Mayor Michael Bonfanti reassured a small crowd gathered in the auditorium Tuesday night that he and other school leaders are firmly committed to long overdue renovations to the school.
Bonfanti admitted they are “embarrassed” by the state of the Higgins and the lack of simple features, such as classroom windows in many cases. He said the project has taken a lot longer than first anticipated, but despite delays, he now believes a better project will be the end result.
“We need to have patience…but we can do it, we owe it to the kids to fix this school. It’s embarrassing,” he said.
Ken and Donna DiNisco of DiNisco Design Partnerships, which is the architect on the project, gave a detailed overview of the structural and design obstacles present in the existing school building along with the three broad options the city has for what to do about them.
The DiNiscos gave a . The firm also worked on the designs for the new Brown and Carroll schools.
Repair, renovate or build?
The Higgins currently holds 1,340 students with about 450 in each class. The three broad options for improvements to the building are:
- Simply repair and upgrade various areas of the building without any structural changes.
- Potentially gut certain portions inside the school to renovate, but without changing the footprint of the building.
- Consider an addition and/or demolishing other areas of the building while making wholesale renovations.
The third alternative is very similar to the one chosen by the and middle school. The DiNisco’s firm was the architect on both of those projects as well.
Ken DiNisco pointed out that each option progressively increases the overall capital cost of the project, but only the last two options can really address existing educational obstacles due to the layout of the building. The first option would not improve the educational component, he said.
Donna DiNisco added that the base reimbursement from the Mass. School Building Authority is 53.3 percent, but that can increase depending on what changes are made or also for comprehensive maintenance plans.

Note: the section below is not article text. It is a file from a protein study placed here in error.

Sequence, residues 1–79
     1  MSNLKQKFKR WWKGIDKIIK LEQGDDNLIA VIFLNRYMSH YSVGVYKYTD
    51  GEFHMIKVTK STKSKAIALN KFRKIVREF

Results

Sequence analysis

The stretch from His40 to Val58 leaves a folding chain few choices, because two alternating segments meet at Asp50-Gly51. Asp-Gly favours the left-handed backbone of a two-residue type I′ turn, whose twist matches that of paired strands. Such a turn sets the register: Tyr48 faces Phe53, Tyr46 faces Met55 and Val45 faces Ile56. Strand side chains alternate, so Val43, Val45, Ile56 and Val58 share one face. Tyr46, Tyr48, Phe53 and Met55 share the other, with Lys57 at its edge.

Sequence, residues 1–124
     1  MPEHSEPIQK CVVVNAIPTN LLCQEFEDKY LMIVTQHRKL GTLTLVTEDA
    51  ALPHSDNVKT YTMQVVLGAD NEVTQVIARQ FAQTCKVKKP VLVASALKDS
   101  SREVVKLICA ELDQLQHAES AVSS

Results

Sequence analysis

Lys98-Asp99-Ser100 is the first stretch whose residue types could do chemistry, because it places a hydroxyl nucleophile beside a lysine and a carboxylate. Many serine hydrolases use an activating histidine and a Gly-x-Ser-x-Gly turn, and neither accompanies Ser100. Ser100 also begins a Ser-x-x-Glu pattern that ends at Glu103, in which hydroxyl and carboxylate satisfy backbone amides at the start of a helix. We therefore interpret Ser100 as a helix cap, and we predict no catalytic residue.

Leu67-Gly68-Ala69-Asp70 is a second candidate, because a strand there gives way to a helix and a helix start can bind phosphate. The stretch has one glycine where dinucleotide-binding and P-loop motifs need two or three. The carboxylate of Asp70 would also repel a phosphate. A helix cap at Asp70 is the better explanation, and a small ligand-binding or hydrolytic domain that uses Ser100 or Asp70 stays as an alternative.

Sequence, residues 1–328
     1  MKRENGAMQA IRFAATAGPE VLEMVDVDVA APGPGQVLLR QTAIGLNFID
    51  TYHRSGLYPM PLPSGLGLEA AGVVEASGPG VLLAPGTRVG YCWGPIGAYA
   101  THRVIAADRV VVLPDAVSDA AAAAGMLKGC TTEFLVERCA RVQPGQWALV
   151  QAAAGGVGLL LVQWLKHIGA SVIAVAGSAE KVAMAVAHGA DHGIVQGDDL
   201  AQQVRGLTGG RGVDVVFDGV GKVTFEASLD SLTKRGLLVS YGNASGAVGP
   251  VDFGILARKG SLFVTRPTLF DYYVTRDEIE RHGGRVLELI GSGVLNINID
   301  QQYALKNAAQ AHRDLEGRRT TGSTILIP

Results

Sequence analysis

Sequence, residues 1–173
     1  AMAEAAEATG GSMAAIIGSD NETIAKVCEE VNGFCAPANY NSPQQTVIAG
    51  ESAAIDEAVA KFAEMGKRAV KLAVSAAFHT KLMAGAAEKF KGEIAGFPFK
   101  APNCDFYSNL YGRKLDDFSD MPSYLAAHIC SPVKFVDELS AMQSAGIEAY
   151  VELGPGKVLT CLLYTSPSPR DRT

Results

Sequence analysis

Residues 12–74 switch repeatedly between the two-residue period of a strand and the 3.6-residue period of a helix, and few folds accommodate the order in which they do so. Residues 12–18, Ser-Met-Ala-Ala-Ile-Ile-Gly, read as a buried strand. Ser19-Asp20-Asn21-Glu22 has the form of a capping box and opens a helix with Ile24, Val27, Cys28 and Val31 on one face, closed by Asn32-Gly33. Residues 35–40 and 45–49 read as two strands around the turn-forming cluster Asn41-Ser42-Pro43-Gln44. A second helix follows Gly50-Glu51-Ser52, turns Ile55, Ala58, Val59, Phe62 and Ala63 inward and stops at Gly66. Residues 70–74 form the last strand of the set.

Essentially, the problems are small classroom sizes, lack of a clear traffic flow, no recognizable main entrance, inefficiency in the building layout that affects each grade of students and inadequate means of access throughout the school for anyone with a physical handicap.
Asbestos also needs to be removed from vinyl tiling, crawl spaces and some piping within the building. Additionally, the Community School and vocational programs must also be relocated off-site permanently.
Ken DiNisco described the 47-year-old school, which was first designed with a high school in mind, as mainly a “rambling one-story structure” with some grade changes in various areas where a second story wasn’t built.
“You have to make order out of chaos,” he said.
But lest anyone think the concern was only for the physical building, Ken DiNisco repeatedly stated that final design changes would be heavily weighed by their net educational value. Donna DiNisco added that the MSBA, which has the final say in approving the project, is all about the educational value.
“The MSBA wants to see a sound educational program, otherwise they won’t approve it,” she said. “It’s not just about how big the field house is.”
“Part of this is saying: ‘This is a middle school, what should a middle school be?’” Ken DiNisco said.
Another contentious issue will be the decision of whether to house one grade off-site during the renovations or use portable units. The pros and cons of each were briefly highlighted during the presentation.
City and school leaders say Higgins project crucial